As the Democratic primary heats up, Tony Evers speaks to students on campus
Democratic gubernatorial candidate Tony Evers talked to students about issues facing them at Coffee Bytes on Tuesday, as a part of the College Democrats’ new event series Coffee with Candidates.Image By: Cameron Lane-Flehinger
Democratic candidate for governor and state Superintendent Tony Evers spoke with students as the sun set at Coffee Bytes on East Campus Mall on Tuesday.
Hosted by the College Democrats, chair Brianna Koerth introduced Evers as he shook hands with every student for the first installment of the group’s Coffee with Candidates event.
Evers began the evening by introducing himself and criticizing policy changes he has watched unfold during Gov. Scott Walker’s administration in order to set up his platform for his campaign for governor.
A graduate of UW-Madison, Evers received his bachelor's, master's and doctoral degree in educational administration before beginning to teach, moving up the educational ladder before being elected to his current position, which he has held since 2009.
Arguing that UW-Madison is the economic driver of the state, Evers said he is adamant about reaching out to the community in order to protect the interests of students and faculty alike.
“We have professors who are leaving, and especially when they are researchers they take their money with them. Economic development is driven by how much research is done and how prepared you are on this campus,” Evers said. “The balance of the University of Wisconsin is at stake.”
Evers additionally supports creating legislation that would pay for half of the tuition costs for in-state students at community colleges, stating that he believes students must invest in their own education, but he wants to make it easier.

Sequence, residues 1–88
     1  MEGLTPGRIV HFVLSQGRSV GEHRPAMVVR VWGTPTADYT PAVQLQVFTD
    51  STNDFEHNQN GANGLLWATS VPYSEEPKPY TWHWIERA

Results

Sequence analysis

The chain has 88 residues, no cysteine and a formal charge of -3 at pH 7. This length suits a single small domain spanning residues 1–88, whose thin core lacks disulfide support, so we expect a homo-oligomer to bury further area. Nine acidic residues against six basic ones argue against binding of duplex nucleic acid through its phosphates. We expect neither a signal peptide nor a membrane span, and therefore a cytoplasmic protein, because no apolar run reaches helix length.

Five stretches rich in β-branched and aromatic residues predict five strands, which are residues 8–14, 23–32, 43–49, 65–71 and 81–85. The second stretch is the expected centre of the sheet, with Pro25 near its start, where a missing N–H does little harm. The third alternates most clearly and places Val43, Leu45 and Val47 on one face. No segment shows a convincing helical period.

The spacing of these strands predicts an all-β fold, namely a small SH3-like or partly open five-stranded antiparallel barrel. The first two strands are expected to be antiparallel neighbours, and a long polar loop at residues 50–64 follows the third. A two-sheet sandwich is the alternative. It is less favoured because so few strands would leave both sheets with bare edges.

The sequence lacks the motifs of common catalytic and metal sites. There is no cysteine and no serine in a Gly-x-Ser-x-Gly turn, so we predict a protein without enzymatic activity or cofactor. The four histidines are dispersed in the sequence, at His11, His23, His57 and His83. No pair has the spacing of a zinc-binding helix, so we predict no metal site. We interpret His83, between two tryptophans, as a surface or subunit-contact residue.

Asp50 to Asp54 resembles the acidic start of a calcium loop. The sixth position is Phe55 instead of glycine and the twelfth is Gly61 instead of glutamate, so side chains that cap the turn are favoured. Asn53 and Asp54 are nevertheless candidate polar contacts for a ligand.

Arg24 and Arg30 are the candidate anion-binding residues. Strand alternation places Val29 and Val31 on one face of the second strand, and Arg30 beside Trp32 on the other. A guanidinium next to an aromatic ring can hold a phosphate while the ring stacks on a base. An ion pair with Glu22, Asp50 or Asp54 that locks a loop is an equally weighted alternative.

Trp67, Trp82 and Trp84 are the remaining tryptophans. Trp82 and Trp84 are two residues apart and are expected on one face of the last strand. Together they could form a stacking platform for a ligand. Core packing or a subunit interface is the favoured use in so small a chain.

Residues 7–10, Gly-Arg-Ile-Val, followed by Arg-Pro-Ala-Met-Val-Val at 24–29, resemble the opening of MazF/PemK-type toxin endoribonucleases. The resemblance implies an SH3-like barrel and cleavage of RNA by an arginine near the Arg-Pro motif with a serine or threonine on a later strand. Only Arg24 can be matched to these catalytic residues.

A new poll showed that 66 percent of voters do not know enough about Evers to have an opinion — and name recognition is arguably one of the biggest factors holding back candidates from beating out Walker in his reelection campaign. However, Evers said this is not a concern, as he plans to spend the next months before the primary election traveling across Wisconsin and airing television advertisements.
As the only current Democratic candidate to have ever won a statewide election, Evers said he feels confident in his ability to drive the current polling numbers up and compete with Walker’s well-financed campaign.
Drawing further distinctions between himself and Walker, Evers took a strong opposition to the Foxconn deal.
“I think it was a mistake. Bottom line. If you take that 4.5 billion dollars and divide it by 72 counties, it comes to 55 million dollars per county which could be used for early childhood care, building affordable housing in the north and creating better paying jobs than Foxconn ever will, spreading all across Wisconsin,” Evers said. “That is why it was such a mistake by the governor. It is an obligation we cannot get out of.”
He said his goal as governor would be to ensure that Foxconn becomes the best employer in Wisconsin, with well paid jobs, medical benefits and improved transportation systems to bring in workers from larger cities like Milwaukee to the rural warehouse in Racine County.
Additionally, Evers stated an interest in rebuilding the middle class, protecting natural resources, removing restrictions on voter laws, legalizing medical marijuana use and restricting access to machine guns.
“The last thing I am going to do is that the people I appoint are not going to be jackasses. They are not going to be bad people,” Evers said. “The person who is going to be the head of the transportation department is going to be a mechanical engineer, somebody who knows about roads. They cannot be political hacks; they have to be experts in the field to send the message to workers that we have leaders that know what the heck they are doing.”
With Evers as their first guest, Koerth said that the College Democrats are planning to host more Coffee with Candidates events in the future.
“We want to make sure that we are centering this election on students, because we are who are often forgotten,” Koerth said. “The best way to get involved is to start by voting. It makes you a part of the progress, especially for those who are very angry about issues like gun violence. The way to combat that is to vote for candidates who stand with you on certain issues.”
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